Printed kidney tissue closer to reality

May 28, 2014 by Bronwyn Adams
Printed kidney tissue closer to reality
Professor Melissa Little, Minister Ian Walker and Professor Justin Cooper-White at the announcement that Uniquest has signed an agreement with Organovo to print kidney tissue.

Queensland researchers are one step closer to printing 3D human kidney tissue thanks to a partnership between The University of Queensland and a US biotechnology company.

UQ, via its commercialisation company UniQuest, has signed an agreement with San Diego-based Organovo, which specialises in 3D printing of human tissues.

Under the agreement, Organovo will work with UQ researchers Professor Melissa Little and Professor Justin Cooper-White to ultimately produce 3D printed mini-kidneys.

Professor Little, from UQ's Institute for Molecular Bioscience, said 3D printing of fully functional kidney tissue would lead to better disease modelling and drug development.

"We will be able to grow mini-organs from the of patients with genetic kidney disease, both to better understand the nature of their disease and to test treatments that may improve renal function," she said.

"This will help us enormously in tackling , a growing public health issue in Australia with one in three Australians at risk of developing the disease and a cost to the taxpayer of about $1.8 billion per annum.

"These mini-kidneys could also be used to test the safety of .

"The sad fact is that most new drugs fail during testing in humans and a big reason for that is that they turn out to be toxic to kidneys.

"If we can test a drug for kidney toxicity before commencing human trials we'll save lot of time, effort and, of course, money.

Professor Cooper-White, from UQ's Australian Institute for Bioengineering and Nanotechnology, has developed technology that permits stem cells to be cultured under thousands of different conditions.

This technology allows researchers to determine the best conditions for prompting to develop into tissue cells, include .

Professor Cooper-White said it took thousands of different cells on a large scale to create a functional mini- suitable for drug and toxicity screening.

"The mini-kidneys being developed need to closely resemble the human organ so we can be confident that drug screening in the lab will generate the same response," Professor Cooper-White said.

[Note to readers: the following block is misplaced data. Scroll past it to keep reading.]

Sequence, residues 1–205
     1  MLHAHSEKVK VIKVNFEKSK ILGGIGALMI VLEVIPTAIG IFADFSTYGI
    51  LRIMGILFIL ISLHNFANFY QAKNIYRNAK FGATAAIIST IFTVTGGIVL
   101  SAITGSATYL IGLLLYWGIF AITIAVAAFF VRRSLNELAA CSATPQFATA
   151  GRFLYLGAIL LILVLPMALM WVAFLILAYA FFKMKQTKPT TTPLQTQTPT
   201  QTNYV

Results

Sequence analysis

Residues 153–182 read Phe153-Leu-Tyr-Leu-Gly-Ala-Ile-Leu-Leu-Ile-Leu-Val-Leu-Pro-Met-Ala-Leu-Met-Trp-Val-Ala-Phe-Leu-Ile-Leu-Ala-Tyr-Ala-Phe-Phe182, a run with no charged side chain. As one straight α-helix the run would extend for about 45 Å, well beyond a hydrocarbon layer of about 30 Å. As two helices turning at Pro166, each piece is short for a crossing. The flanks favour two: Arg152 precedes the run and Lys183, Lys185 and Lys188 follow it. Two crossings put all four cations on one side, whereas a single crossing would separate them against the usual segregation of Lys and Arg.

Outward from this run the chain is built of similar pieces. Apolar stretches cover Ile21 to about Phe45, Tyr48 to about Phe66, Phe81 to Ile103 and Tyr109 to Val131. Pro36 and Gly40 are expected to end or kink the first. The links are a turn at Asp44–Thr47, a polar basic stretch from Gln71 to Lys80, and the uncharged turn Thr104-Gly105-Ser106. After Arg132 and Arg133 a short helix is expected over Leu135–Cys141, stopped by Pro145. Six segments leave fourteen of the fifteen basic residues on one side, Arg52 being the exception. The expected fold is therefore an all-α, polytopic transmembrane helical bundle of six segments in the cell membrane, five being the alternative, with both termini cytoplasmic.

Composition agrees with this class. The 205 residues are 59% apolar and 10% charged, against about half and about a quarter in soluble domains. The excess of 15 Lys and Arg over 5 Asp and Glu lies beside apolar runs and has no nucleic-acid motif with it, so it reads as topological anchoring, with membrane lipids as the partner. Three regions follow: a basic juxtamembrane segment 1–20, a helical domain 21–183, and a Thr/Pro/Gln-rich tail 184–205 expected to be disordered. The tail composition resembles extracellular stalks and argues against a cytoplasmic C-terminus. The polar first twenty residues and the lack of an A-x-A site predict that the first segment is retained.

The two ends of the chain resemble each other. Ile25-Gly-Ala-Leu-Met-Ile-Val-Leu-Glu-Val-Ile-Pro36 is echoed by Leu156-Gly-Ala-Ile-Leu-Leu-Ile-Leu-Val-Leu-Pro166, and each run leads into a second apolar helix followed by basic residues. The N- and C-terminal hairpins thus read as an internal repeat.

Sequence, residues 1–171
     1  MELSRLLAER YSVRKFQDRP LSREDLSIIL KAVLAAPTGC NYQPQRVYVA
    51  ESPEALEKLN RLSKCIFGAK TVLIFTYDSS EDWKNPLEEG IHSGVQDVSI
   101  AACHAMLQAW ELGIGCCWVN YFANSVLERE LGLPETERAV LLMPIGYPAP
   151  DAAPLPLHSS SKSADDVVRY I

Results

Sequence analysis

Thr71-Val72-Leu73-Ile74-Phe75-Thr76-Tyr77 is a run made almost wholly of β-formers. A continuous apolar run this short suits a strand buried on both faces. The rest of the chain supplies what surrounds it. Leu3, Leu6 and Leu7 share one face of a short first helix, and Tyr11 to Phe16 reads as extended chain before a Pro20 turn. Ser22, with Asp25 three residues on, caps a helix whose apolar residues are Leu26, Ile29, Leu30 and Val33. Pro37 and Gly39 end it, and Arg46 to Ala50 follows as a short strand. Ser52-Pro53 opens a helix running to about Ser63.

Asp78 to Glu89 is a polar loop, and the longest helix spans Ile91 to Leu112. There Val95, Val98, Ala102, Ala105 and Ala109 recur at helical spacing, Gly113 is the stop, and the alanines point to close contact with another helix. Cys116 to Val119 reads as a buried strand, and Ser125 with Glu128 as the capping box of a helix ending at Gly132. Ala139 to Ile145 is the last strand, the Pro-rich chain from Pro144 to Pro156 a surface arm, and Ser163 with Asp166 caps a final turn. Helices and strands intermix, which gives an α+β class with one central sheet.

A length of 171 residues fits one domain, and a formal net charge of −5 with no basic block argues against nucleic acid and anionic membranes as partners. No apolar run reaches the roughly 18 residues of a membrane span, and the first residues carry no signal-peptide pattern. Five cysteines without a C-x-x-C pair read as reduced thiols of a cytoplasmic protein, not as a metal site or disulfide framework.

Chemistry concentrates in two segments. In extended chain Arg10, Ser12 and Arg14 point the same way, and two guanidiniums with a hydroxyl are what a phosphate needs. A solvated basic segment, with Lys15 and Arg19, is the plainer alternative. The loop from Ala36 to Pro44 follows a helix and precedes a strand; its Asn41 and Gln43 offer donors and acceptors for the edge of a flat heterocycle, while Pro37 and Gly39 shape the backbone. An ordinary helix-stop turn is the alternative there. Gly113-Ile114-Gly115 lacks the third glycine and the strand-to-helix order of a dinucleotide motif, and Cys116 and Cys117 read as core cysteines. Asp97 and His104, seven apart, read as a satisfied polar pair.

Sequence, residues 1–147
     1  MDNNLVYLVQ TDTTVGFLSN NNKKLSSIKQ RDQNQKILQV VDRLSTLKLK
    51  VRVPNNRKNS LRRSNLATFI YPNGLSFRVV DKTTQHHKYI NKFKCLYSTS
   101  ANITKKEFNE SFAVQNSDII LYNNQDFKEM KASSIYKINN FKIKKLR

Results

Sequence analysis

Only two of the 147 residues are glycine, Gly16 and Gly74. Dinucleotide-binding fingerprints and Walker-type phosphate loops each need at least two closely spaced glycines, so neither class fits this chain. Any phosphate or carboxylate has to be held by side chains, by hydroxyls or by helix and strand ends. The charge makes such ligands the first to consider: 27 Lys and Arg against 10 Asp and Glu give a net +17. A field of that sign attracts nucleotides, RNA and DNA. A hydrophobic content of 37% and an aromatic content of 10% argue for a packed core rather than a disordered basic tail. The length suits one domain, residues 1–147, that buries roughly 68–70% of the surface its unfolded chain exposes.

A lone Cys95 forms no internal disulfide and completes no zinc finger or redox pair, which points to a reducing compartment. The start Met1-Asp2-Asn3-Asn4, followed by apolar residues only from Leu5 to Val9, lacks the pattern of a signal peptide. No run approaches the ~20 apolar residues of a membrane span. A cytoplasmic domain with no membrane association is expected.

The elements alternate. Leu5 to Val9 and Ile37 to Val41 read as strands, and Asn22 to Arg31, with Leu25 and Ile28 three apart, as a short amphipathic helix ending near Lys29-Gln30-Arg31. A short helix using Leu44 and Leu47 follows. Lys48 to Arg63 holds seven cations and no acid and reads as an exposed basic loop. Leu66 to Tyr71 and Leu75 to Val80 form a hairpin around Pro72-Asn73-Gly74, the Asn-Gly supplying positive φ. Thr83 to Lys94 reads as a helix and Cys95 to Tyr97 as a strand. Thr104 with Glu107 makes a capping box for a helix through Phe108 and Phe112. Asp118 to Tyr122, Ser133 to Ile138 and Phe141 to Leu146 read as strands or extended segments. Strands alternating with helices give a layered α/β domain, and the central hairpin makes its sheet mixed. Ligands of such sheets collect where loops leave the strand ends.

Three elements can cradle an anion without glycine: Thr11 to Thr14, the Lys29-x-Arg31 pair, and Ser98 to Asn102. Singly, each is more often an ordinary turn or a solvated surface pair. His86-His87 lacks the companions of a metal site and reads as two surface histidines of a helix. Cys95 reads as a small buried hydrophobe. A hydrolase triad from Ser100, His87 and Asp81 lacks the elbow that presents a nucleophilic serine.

"We believe our microbioreactor technology provides an environment more akin to that of a living human body, enabling us to provide cells with the optimum conditions needed to achieve the end objective of 3D printed mini-kidneys."

Explore further: Organovo announces ability to print 3D human liver tissue

More information: www.uniquest.com.au/

Related Stories

Organovo announces ability to print 3D human liver tissue

April 24, 2013

(Medical Xpress)—Organovo Holdings, Inc., a company that designs and creates functional human tissue has announced at this year's Experimental Biology Conference that it has developed a 3D printing technique that is able ...

Team grows kidney from stem cells

December 16, 2013

(Medical Xpress)—University of Queensland researchers have made a major leap forward in treating renal disease, today announcing they have grown a kidney using stem cells.

Researchers generate kidney tubular cells from stem cells

December 19, 2013

Researchers have successfully coaxed stem cells to become kidney tubular cells, a significant advance toward one day using regenerative medicine, rather than dialysis and transplantation, to treat kidney failure. The findings ...

Body's fatty folds may help fight kidney failure

March 21, 2014

A fatty fold of tissue within the abdomen that is a rich source of stem cells can help heal diseased kidneys when fused to the organs, according to a study conducted in rats. The findings, which appear in an upcoming issue ...

Recommended for you

Basic research fuels advanced discovery

August 26, 2016

Clinical trials and translational medicine have certainly given people hope and rapid pathways to cures for some of mankind's most troublesome diseases, but now is not the time to overlook the power of basic research, says ...

New avenue for understanding cause of common diseases

August 25, 2016

A ground-breaking Auckland study could lead to discoveries about many common diseases such as diabetes, cancer and dementia. The new finding could also illuminate the broader role of the enigmatic mitochondria in human development.

New method creates endless supply of kidney precursor cells

August 25, 2016

Salk Institute scientists have discovered the holy grail of endless youthfulness—at least when it comes to one type of human kidney precursor cell. Previous attempts to maintain cultures of the so-called nephron progenitor ...

Strict diet combats rare progeria aging disorders

August 25, 2016

Mice with a severe aging disease live three times longer if they eat thirty percent less. Moreover, they age much healthier than mice that eat as much as they want. These are findings of a joint study being published today ...

0 comments

Please sign in to add a comment. Registration is free, and takes less than a minute. Read more

Click here to reset your password.
Sign in to get notified via email when new comments are made.